If more than minor costs are anticipated, the agency must release a Small Business Economic Impact Statement, or SBEIS, demonstrating whether or not the rule will have a disproportionate financial effect on smaller employers. If it does, that rule must include compliance cost mitigation.

RFA allows for certain exemptions to this rule, but the SAO audit found nearly half of exemptions made to the SBEIS requirement by state agencies were insufficiently justified. Of the 25 proposed rules did that include a SBEIS, only seven fully complied with the law.

Deepen Understanding Of Impacts

The proposed bill would direct the state Office of Regulatory Innovation and Assistance (ORIA) to oversee RFA compliance by agencies, and provide related resources. In the December audit, SAO noted that “few agencies give employees complete and accurate guidance or templates” on how to meet the law’s requirements.

Committee Vice Chair Shelley Kloba (D-1) told Lens that although she favors the increased accountability for state government, lawmakers also “need to make sure state agencies have the tools” to meet expectations.

ORIA would also oversee information sharing between state agencies and business associations so the agencies can deepen their understanding of how new rules can hurt small businesses. Gary Smith suggested ORIA maintain a list of business associations and keep in contact with them. It is something the state Department of Commerce has done in the past, but “that doesn’t occur much at all anymore,” he added.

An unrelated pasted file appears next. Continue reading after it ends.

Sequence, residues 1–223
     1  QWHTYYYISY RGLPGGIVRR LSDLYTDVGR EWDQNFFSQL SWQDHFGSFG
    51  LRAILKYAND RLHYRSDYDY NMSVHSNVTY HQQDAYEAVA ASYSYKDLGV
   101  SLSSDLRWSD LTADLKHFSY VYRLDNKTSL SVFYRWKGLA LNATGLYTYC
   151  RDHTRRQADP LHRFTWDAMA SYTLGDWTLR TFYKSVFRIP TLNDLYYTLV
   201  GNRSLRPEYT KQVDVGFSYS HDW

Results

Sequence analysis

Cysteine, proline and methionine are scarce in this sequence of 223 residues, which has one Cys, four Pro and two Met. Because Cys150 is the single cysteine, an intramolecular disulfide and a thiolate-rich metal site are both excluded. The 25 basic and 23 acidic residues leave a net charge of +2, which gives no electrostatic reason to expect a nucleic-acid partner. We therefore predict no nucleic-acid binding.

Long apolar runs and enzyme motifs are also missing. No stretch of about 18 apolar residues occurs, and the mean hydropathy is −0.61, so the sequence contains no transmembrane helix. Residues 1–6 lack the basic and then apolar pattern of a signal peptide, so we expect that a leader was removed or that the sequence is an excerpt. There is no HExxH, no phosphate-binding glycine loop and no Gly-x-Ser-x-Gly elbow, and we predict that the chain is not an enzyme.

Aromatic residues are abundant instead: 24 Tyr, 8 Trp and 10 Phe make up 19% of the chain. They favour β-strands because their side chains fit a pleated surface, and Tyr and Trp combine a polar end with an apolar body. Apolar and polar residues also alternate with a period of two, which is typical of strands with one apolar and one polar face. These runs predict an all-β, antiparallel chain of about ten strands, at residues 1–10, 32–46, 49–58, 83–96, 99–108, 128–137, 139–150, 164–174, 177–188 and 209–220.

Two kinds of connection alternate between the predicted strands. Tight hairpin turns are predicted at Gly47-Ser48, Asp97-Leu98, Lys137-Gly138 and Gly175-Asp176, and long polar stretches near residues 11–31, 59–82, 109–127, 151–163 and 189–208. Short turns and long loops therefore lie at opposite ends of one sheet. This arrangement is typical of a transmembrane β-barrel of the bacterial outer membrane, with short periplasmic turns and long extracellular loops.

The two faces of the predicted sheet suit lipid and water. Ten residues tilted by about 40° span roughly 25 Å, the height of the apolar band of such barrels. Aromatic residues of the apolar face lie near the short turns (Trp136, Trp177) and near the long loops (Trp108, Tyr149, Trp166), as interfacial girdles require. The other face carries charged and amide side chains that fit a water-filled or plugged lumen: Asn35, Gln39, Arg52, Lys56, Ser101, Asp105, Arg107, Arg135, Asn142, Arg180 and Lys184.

Support from Inslee’s office boosts HB 1120’s prospects, although the governor’s initial 2016 supplemental budget and those of both legislative chambers proposed to once again raid SAO’s performance audit funding. Budget negotiations at the close of session last year ultimately restored part of the targeted monies, including enough to do the RFA performance audit which highlighted the problems the new bill seeks to address.

Workgroup Effort Lauded

Following a workgroup session Tuesday discussing the bill, Inslee Senior Policy Advisor Sheri Sawyer said she was “encouraged” by the discussion. She added she expects the bill to get full consideration in the legislative process, though she anticipates some changes. Mike Ennis, Director of Government Affairs on Transportation and Environment for the Association of Washington Business, also spoke highly of the workgroup, calling it “very valuable.”

The agency rulemaking process has come under attack by some state lawmakers, including Senate Ways and Means Committee Chair John Braun (R-20), who says it subverts legislative authority. In 2015 alone, 502 rules and 544 emergency rules were adopted. Sponsored by State Rep. David Taylor (R-15), HB 1005 seeks to eliminate the state rule-making process “except in certain specified instances.” The bill has yet to be referred to a committee.